Before she could be charged with incest, it would be necessary for her to be charged with being a delinquent child and there be a hearing thereon by the juvenile court. Not until that court had determined that she was a delinquent child could it then judicially confer upon her a different status and certify her for prosecution as an adult. Until those events occurred, the child would not be an accomplice and could not be charged with the same crime as is the defendant.

To hold her as an accomplice requires a holding, not that she is liable to punishment for the same crime as is her father, but that it is possible she might later on be so charged.

Another matter should be considered: The father and the girl were not chargeable with the same offenses. The father was charged with incest in that he had sexual relations with his daughter. If it ever became possible to charge the daughter, her charge would be that she had sexual relations with her father. If it be claimed that she was an accomplice with her father in the relations with herself, would not she then be guilty of two crimes, to wit: (1) as an accomplice with her father and (2) as a principal in the relations which she had with her father? Clearly she could not be charged twice for the one act, and if it be possible to charge her with incest, then she could not be charged with her father's offense and therefore could not be his accomplice.

In my opinion the judgment should be affirmed.

CROCKETT, Justice (dissenting):

I would reject the argued defense on the first ground discussed in the dissent of Chief Justice Ellett: that in her status as a minor the daughter should not be regarded as an accomplice.

The provision of the Juvenile Court Act which deals with charging a child with an offense is Sec. 55-10-105(4):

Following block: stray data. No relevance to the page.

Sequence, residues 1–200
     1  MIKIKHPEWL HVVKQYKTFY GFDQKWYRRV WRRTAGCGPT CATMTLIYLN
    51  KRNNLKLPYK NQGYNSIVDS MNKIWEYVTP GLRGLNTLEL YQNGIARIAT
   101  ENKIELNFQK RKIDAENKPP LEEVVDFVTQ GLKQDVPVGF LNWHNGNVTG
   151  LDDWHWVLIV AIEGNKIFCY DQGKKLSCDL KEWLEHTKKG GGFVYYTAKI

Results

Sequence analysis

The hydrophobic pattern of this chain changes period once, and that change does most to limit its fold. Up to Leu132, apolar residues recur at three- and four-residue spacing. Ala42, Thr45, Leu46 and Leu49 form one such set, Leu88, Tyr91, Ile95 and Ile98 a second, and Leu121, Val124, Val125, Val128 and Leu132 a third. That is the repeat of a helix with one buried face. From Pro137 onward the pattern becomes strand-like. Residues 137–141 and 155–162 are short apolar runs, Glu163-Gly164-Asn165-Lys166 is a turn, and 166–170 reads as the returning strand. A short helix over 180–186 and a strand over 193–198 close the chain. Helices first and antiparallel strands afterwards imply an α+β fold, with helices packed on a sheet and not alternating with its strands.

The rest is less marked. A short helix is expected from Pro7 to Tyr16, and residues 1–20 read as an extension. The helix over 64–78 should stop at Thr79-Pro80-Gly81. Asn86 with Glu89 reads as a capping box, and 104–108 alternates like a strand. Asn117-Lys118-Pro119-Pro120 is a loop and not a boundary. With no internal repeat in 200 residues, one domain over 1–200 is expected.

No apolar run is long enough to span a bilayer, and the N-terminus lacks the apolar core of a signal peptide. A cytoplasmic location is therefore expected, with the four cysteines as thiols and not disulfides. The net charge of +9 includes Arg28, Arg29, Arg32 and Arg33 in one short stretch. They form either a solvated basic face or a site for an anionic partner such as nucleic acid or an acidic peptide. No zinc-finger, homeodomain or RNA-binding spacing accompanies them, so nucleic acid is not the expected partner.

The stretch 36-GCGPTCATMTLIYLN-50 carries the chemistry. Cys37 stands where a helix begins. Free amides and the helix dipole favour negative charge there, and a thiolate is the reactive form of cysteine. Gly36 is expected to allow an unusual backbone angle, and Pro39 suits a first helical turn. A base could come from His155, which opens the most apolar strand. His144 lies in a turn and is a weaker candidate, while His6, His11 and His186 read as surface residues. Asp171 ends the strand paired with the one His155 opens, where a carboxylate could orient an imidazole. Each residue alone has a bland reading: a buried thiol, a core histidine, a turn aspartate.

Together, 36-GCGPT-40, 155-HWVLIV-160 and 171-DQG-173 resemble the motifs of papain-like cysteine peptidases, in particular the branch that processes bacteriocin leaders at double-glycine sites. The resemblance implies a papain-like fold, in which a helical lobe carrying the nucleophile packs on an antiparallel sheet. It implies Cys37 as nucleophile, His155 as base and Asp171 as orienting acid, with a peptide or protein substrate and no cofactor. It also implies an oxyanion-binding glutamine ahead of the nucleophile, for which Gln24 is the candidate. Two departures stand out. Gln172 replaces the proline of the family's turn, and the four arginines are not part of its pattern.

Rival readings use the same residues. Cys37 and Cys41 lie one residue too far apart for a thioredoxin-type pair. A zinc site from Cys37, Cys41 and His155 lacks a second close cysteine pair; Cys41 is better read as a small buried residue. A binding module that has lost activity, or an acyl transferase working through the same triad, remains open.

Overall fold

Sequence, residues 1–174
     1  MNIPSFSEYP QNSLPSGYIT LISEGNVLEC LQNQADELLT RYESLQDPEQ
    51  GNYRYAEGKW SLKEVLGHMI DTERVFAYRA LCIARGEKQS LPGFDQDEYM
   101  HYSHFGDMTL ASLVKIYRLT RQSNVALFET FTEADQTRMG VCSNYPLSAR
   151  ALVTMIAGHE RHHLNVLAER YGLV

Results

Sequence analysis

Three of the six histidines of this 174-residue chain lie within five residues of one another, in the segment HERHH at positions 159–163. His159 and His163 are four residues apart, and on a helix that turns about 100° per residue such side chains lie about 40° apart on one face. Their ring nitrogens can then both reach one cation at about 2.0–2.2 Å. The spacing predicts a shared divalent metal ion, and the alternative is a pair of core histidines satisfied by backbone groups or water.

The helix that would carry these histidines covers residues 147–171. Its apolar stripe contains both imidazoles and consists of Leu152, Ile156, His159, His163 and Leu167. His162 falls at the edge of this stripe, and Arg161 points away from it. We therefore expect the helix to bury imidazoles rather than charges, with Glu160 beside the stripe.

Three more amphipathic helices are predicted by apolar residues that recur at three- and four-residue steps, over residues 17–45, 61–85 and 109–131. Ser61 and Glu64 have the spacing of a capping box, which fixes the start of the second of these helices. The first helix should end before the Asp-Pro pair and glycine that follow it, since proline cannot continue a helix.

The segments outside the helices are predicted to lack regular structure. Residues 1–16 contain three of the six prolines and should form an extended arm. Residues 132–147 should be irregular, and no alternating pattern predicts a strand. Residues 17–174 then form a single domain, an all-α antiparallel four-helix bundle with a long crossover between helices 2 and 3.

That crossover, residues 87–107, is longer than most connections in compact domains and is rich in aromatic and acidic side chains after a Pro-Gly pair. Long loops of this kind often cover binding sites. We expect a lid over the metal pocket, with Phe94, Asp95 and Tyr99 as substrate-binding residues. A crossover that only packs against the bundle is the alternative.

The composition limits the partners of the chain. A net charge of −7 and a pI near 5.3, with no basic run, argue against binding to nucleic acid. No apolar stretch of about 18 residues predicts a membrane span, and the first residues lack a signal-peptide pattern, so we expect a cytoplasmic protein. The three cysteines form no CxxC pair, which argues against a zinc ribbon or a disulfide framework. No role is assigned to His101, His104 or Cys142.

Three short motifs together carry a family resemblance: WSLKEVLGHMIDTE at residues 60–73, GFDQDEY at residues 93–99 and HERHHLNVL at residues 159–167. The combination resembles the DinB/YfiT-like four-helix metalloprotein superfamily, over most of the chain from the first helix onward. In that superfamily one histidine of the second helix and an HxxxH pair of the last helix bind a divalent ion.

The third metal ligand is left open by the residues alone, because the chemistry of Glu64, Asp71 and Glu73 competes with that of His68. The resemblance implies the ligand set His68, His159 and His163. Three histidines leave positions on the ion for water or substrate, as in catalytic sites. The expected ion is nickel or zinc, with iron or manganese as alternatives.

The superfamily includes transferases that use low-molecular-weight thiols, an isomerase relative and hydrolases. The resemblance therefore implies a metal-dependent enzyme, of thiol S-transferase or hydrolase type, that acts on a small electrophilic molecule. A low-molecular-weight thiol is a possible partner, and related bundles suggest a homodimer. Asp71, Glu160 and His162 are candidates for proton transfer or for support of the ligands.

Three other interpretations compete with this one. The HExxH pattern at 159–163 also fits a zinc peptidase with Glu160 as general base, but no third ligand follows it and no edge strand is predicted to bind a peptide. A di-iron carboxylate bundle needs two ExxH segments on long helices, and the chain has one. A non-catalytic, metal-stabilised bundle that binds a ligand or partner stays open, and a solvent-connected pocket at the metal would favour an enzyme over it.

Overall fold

No child shall be charged with crime nor be convicted in any court except as provided in section 55-10-86... . [Emphasis added.]

The latter section provides that for an offense which would constitute a felony if committed by an adult, if after full investigation and a hearing the court determines that the best interest of the child or of the public so require, the court may make an order to that effect and direct that the child then be so certified for proceedings in the district court. Until such a procedure had occurred, there could be no proceedings of a criminal nature against the victim.

The analysis of this situation which I think is correct under the law, and which best serves the requirements of justice, is that the daughter was a minor under the domination of her parent; and that until her status had been judicially changed by the procedure above mentioned, she could not be charged nor convicted of the crime of which defendant was found guilty, and that she therefore would not be an accomplice in his perpetrating this shameful and iniquitous offense upon her. The reversal of the verdict of the jury on the pseudo technical defense is both a distortion of justice in this case and a serious disservice to the processes of justice generally.


[1] U.C.A., 1953, 77-31-18, provides that "A conviction shall not be had on the testimony of an accomplice, unless he is corroborated by other evidence... ."

[2] 42 C.J.S. Incest Sec. 17a.

[3] Yother v. State, 120 Ga. 204, 47 S.E. 555 (1904).

[4] State v. Kasai, 27 Utah 2d 326, 495 P.2d 1265 (1972); State v. Fertig, 120 Utah 224, 233 P.2d 347 (1951).

[5] U.C.A., 1953, 76-2-301.

[6] U.C.A., 1953, 78-3a-25.

[7] Unless the facts are undisputed and susceptible of only one reasonable conclusion, the fact finder determines whether an act was done voluntarily. 75 Am.Jur.2d, Trial, Section 368.

[8] U.C.A., 1953, Title 76, Chapter 5 (Offenses Against the Person).

[9] U.C.A., 1953, 76-5-406.

[10] U.C.A., 1953, 76-5-401.